A California sales executive filed a lawsuit on May 5, 2015, challenging her termination from employment after she disabled a GPS tracking device on her employer-provided iPhone, shining a spotlight on the reasonable expectation of privacy of employees and employers’ increasing use of monitoring devices.  Myrna Arias, a former sales executive for Intermex Wire Service, filed a lawsuit in Kern County Circuit Court, a state court in central California, alleging that her boss, John Stubits, fired her a few weeks after she uninstalled the job-management Xora app StreetSmart, a GPS tracker, which Intermex required she and her sales colleagues use.  Intermex is a wire transfer service for customers sending money to Latin America.  Employees were required to keep their company-issued smart phones powered on 24 hours a day. Ms. Arias did not object to the tracking device during work hours.

Ms. Arias and several co-workers asked whether Intermex would track their activities while off work.  Mr. Stubits allegedly admitted that they would and justified the 24/7 requirement as necessary so the employees could answer customer questions.  The suit asks for $500,000 for lost wages and damages for invasion of privacy, wrongful termination and retaliation, alleging that the intrusion would be highly offensive to a reasonable person.  An Intermex executive also allegedly interfered with Ms. Arias’ subsequent employment.

StreetSmart is a workplace management app that gives an employer the opportunity to monitor employees who are out of the office by seeing a mobile employee’s route, stops and the length of time spent at each stop, on a Google map.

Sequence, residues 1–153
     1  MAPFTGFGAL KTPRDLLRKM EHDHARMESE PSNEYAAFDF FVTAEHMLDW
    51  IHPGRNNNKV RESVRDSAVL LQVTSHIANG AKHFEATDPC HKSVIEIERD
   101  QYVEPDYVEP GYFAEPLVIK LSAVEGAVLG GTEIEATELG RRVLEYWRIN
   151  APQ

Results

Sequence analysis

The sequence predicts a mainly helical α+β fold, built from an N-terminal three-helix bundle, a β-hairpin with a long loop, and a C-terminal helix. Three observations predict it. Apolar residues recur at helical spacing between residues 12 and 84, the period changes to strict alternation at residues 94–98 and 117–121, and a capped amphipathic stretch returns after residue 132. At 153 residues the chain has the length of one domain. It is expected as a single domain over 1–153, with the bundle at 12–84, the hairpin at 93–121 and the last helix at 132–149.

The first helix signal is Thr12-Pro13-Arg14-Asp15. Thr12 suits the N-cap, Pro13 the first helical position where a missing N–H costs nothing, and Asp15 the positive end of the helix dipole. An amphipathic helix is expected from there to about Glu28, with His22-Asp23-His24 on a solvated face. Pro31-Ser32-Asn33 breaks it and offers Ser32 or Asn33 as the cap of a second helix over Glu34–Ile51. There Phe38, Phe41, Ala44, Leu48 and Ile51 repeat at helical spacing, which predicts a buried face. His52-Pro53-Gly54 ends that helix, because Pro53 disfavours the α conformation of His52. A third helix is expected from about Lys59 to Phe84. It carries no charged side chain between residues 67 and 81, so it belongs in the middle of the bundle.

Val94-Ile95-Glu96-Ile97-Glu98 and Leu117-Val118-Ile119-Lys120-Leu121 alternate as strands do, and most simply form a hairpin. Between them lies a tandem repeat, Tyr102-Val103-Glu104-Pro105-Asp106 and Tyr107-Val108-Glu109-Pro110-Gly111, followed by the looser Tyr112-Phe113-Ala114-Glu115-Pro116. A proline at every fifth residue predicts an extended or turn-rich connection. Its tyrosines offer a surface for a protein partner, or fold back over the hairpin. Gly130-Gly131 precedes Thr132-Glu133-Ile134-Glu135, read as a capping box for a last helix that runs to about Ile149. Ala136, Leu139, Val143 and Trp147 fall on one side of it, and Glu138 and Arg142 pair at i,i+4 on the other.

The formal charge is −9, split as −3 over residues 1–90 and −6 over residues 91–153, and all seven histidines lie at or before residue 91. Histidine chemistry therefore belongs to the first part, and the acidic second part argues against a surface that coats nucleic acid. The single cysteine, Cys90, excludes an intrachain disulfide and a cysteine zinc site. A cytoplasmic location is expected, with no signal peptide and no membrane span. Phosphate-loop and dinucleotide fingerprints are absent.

WI Law Protects Workers from Unreasonable Invasions of Privacy

Wisconsin law protects employees from unreasonable invasions of privacy by prohibiting unreasonable invasions of privacy, which generally means the intrusion upon the privacy of another of “a nature highly offensive to a reasonable person, in a place that a reasonable person would consider private or in a manner which is actionable for trespass.”  Section 995.50, Wis. Stats.  In addition to the state law protections of privacy, there are a variety of federal statutes which may apply, including the protections of the National Labor Relations Act, and the privacy statutes that frequently are included in various federal statutes, including those which protect against an employer monitoring an employee’s off-the-job political and/or religious activities.

Case Law Blank on Certain Privacy-Technology Developments

State and federal legislation concerning privacy laws has not kept pace with the rapid development of tracking software and devices.  Case law concerning the reasonable expectation of privacy is changing at a rapid pace, with recent federal court decision in recent weeks concerning NSA surveillance and the police use of cell phone call information without a warrant. The limited case law on this topic generally focuses on whether or not the employer had a legitimate business justification for the tracking that outweighs the employee’s expectation of privacy.

U.S. v. Jones Speaks to GPS Monitoring and Privacy Concerns

Though it did not involve an employee, the 2012 U.S. Supreme Court case U. S. v. Jones may have shed some important light on this subject when it struck down Jones’ conviction for drug trafficking after law enforcement officials installed a GPS tracking device on his personal vehicle without a warrant. Prosecutors used the information collected by the tracking device to convict him, but the court ruled the use of GPS to monitor all of a private citizen’s movements for a lengthy period of time was a violation of his rights under the Fourth Amendment.

If you have a concern about your employer’s requirements concerning tracking devices or programs during your non-work time, please contact one of the employment lawyers at Hawks Quindel.  A subsequent blog by Hawks Quindel wage and hour attorneys will address the potential wage implications of these GPS tracking devices.

Katherine Charlton

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